Is Staying Home Protecting Everyone?

Shivam Kaushik (Student)

The government has implemented measures to reduce the spread of Covid-19 since March 2020. Since then, there have been lockdowns, closures of non-essential businesses and a very strong message from government to remain at home unless absolutely essential. The advertisement for this is “Stay Home, Stay Safe, Save Lives” and this message is broadcast everywhere on government pages, posters and on several official media platforms. During such  time, having a safe place to call home is critical especially when being at home is more important and one is home more now than ever.

Support services are struggling to provide help and resources to those struggling in their households. The restrictions on leaving home result in further barriers in seeking help and reporting any abuse. Gender based violence (“GBV”)has increased. The UN defines gender based violence as as harmful acts directed at an individual based on their gender. There has been a sharp rise in the prevalence of such abuse in recent times and has been compounded further by lockdown measures. GBV mainly relates to interpersonal violence, domestic abuse, sexual violence and other forms of abuse. In the UK, 1 in 4 women experience domestic abuse and 1 in 5 will experience sexual assault in her lifetime. GBV does not because of lockdown, nor does it stem from the stress, hardship and economic difficulties which arise from the existence of a pandemic, however, the pandemic and lockdown measures have increased the risk factors for GBV such as substance abuse, being unable to support one’s family, crowding and female isolation.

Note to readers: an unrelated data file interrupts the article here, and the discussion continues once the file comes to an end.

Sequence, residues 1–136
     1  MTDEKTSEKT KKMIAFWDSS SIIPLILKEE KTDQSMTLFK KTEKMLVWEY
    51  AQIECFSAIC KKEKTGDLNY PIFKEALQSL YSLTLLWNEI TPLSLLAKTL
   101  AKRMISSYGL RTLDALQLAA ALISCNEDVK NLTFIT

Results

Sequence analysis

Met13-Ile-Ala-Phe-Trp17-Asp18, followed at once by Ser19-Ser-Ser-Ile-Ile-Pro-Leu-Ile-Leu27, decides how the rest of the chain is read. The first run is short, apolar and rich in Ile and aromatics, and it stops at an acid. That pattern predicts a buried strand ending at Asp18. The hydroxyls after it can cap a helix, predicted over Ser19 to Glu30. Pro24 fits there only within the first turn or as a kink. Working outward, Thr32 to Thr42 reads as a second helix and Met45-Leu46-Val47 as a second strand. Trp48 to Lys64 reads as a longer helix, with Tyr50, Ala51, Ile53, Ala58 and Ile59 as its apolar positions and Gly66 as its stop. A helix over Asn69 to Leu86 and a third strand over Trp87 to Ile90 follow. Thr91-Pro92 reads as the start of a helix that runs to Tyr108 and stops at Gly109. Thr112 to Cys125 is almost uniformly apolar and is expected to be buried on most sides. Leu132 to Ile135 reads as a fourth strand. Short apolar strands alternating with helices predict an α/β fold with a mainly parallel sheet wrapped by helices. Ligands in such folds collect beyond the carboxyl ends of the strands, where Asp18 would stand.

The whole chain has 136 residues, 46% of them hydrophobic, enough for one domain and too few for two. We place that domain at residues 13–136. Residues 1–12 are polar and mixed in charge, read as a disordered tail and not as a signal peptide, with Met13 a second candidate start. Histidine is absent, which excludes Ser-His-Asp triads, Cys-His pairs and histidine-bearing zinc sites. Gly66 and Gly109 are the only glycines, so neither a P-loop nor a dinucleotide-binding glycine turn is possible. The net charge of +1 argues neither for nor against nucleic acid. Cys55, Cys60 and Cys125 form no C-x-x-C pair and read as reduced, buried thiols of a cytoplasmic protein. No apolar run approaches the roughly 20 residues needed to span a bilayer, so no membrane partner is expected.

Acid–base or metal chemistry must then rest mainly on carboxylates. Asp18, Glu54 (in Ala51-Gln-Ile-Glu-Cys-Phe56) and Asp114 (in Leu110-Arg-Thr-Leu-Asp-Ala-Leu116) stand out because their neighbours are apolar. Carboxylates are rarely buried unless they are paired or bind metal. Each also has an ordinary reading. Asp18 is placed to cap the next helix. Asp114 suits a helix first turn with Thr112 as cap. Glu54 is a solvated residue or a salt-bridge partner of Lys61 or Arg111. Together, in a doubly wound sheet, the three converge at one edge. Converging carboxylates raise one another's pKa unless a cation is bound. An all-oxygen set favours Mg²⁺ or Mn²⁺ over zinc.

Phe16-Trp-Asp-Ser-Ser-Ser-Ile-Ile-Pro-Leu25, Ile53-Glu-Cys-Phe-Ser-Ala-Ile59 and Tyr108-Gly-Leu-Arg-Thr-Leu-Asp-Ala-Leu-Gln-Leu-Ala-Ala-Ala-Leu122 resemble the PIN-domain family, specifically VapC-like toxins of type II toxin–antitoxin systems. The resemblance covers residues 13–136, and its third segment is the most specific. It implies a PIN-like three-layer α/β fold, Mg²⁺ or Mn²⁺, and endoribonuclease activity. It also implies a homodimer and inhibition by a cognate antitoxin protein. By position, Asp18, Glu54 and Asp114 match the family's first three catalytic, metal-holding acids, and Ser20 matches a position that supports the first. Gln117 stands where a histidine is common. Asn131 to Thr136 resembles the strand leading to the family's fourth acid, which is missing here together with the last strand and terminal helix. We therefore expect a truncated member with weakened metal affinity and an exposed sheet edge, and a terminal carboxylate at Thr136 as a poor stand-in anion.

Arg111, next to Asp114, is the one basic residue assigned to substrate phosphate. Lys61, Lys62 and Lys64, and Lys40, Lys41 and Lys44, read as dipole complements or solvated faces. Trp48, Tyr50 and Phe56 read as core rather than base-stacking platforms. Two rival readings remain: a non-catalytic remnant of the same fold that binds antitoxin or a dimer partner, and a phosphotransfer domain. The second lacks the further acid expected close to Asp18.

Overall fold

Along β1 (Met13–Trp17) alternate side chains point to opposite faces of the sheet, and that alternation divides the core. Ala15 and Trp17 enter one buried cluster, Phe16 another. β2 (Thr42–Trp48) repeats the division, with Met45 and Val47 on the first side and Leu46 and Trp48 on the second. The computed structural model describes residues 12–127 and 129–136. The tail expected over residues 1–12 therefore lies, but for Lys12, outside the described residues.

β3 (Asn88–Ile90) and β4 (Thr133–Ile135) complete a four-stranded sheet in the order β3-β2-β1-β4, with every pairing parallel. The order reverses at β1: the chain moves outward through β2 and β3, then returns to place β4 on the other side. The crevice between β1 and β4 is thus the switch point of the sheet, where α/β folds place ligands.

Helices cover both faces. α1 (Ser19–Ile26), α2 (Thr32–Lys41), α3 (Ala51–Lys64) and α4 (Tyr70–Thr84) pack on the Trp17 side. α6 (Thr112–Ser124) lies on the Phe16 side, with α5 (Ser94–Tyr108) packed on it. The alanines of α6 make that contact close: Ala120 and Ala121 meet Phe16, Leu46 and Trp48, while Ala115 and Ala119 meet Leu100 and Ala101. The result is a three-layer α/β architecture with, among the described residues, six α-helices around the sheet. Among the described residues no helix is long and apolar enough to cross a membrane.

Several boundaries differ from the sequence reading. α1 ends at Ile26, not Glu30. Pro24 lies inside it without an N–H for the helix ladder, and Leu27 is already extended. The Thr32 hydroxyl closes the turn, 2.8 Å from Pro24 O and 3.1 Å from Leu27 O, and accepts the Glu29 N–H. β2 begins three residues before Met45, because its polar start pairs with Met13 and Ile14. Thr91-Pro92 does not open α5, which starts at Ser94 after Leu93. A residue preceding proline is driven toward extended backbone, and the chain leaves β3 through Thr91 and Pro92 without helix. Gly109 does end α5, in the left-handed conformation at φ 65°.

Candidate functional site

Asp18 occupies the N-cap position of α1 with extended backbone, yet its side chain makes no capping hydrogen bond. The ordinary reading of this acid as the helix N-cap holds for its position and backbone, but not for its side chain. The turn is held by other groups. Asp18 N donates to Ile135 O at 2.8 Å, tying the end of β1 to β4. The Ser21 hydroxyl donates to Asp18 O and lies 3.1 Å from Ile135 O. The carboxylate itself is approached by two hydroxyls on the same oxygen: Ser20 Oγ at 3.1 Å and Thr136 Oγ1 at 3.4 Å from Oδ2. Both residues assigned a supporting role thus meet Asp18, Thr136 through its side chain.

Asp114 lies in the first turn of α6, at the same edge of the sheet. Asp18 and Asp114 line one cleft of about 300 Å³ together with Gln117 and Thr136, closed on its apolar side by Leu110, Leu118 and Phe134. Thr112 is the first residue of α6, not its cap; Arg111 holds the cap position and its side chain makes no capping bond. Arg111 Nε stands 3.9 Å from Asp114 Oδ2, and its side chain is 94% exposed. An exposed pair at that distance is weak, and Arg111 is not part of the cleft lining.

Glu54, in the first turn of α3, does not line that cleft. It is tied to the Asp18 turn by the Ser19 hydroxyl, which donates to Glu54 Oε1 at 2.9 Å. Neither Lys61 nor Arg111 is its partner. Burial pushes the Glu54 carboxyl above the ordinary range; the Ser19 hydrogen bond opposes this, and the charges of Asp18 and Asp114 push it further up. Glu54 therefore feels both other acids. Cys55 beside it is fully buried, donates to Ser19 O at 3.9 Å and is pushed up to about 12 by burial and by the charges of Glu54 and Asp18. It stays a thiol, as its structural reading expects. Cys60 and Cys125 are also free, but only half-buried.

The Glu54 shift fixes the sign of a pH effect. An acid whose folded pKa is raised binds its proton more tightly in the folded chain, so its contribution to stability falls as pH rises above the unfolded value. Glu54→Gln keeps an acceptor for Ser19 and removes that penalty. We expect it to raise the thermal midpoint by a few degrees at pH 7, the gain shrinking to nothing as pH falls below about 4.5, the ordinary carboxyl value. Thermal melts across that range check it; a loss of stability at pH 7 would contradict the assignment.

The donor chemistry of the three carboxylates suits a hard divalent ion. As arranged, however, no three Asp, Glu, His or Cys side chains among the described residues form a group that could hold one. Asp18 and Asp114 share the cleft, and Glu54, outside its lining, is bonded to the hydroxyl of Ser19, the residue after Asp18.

Services supporting victims of gender-based violence are reporting an unprecedented increase in demand for support and assistance. Domestic abuse charity, Refuge, have reported a 700% increase in contact compared to pre-lockdown levels. Similarly, the Respect phone line has reported a rise of 125% in web traffic and a 16.6% increase in number of calls received. Even during stable periods, GBV is under-reported in the UK. The Home Office found that 83% of victims do not report their experiences to the police. The reporting of such experiences will be further decreased during the pandemic.

 These are very concerning statistics that highlight the scale and urgency of these issues and their impact on the most vulnerable members of society. The added difficulty in reporting abuse and seeking assistance during lockdown is leading to many abusers escaping accountability and punishment. More importantly, it has further eroded the ability for victims and survivors to seek immediate protection for themselves and their children. Access to justice is one of the biggest issues faced by victims of GBV and the government measures have only compounded such difficulties. The continuation of such measures will only worsen the impact the pandemic has had on GBV victims and survivors. The government measures as a result of the pandemic have raised the question whether staying home is truly saving lives and at what cost?

If you have experienced any of these issues and require more advice at Staffordshire Legal Advice Clinic (SULAC) we offer free legal advice. Students are supervised by a qualified solicitor, if you wish to book an appointment with us, then please either call us on 01782 294800 or email us at SULAC@staffs.ac.uk. 

 

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